More lonely roads led us to South Australia and to Coober Pedy which names itself the opal mining capital of the world (and for once it’s apparently true). On the way to the town, which is really in the middle of nowhere, we already saw a lot of “dunes” which are leftovers of earth from the mining business. Before hitting the town we took a short detour to the Breakaways, a bizarre, almost moon-like landscape which was used for films such as Mad Max III (woha).
camping was our home for the night. Each tent had a small “cave” a few
meters underground in an old mine and for the first time the night got
rather chilly and we needed our sleeping bags.
The next morning we took a tour of the mine which was attached to the campsite and according to the guide several hundred-thousand dollars worth of opal were mined out of this mine. He suggested that mining opal (and get rich while doing so) was very easy and all that was needed was about 7000 AUD to start and hire some people. This made us thinking but we decided that this would be a hobby we could pick up at a later stage of our lives (Kevin was already seeing him swimming in millions).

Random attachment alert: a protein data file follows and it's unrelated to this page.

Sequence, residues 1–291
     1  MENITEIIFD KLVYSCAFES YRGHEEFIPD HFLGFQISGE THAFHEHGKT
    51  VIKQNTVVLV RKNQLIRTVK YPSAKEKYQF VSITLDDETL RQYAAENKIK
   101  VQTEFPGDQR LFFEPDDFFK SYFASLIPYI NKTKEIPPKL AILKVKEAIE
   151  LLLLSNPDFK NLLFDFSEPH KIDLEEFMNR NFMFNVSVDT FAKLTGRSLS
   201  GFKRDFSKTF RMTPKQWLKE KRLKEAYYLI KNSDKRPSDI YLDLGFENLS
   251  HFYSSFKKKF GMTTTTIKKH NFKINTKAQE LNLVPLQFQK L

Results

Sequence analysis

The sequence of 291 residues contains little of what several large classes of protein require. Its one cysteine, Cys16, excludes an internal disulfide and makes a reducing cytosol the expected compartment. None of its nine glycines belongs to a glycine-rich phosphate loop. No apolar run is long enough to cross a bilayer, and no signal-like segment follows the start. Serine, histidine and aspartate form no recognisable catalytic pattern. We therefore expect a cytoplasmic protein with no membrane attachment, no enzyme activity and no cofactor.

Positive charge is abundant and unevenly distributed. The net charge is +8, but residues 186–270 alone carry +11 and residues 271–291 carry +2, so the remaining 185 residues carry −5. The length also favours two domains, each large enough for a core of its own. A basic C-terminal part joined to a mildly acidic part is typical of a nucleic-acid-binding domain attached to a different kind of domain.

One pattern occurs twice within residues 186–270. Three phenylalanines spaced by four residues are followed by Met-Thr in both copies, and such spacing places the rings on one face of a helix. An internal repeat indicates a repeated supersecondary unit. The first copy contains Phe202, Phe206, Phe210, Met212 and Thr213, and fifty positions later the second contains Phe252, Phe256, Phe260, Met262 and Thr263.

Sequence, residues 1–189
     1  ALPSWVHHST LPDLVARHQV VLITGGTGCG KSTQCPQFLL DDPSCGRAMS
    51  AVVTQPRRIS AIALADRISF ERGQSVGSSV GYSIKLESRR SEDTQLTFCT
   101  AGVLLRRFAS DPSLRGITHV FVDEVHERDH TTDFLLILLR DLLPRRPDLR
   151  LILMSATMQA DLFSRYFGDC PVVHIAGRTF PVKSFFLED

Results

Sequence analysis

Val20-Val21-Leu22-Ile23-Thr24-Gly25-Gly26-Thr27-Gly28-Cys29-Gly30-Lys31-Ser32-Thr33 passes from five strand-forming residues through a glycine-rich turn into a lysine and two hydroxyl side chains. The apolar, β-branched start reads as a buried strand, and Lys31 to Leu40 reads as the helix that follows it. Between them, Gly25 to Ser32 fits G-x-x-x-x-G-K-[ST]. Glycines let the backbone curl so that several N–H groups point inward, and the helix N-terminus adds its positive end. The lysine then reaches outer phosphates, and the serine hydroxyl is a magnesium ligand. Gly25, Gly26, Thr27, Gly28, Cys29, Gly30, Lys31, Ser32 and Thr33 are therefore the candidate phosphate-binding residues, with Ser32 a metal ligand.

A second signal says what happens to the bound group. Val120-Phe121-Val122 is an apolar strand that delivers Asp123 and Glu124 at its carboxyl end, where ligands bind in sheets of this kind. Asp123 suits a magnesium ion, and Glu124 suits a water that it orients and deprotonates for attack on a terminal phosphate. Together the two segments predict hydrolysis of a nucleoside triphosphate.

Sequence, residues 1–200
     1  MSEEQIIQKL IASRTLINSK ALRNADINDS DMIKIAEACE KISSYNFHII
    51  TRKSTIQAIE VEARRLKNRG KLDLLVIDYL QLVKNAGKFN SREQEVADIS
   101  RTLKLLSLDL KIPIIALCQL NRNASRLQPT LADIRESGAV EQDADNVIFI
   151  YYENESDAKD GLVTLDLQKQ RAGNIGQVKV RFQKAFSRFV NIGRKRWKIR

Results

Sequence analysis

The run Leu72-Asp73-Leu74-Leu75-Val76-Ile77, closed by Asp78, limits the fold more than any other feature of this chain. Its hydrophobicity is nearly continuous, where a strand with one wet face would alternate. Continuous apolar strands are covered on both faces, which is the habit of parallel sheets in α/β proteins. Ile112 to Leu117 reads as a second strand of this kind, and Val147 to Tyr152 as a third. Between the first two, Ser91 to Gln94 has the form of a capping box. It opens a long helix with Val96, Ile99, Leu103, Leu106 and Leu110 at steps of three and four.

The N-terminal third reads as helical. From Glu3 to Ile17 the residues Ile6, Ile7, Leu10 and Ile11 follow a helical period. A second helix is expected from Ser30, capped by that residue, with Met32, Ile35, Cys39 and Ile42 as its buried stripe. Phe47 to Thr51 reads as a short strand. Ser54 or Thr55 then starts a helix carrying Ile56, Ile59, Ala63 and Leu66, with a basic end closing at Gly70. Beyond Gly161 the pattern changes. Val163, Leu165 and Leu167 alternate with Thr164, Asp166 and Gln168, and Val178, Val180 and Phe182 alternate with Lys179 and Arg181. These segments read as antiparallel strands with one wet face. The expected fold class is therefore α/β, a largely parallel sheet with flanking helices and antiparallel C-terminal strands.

Coober Pedy itself had a limited amount of sights all of which we for sure wanted to see. First stop was the Big Winch which offered a panoramic view of the town. Immediately after we had parked our car a busy Chinese man approach us and asked us where we were from. Happy to talk to Hazel in Mandarin he eagerly showed us his Opal collection but soon realized that we were not interested in buying anything.
Second stop was St. Peter and Paul underground church in the town center.The name is self-explanatory we think.
After about 200 kilometers of driving (including 2 emus on the roadside) we got tired and decided that the Glendambo Roadhous was our stop for the night. While having dinner we suddenly got company by a (friendly) dingo. The night was crystal clear and offered a great night sky.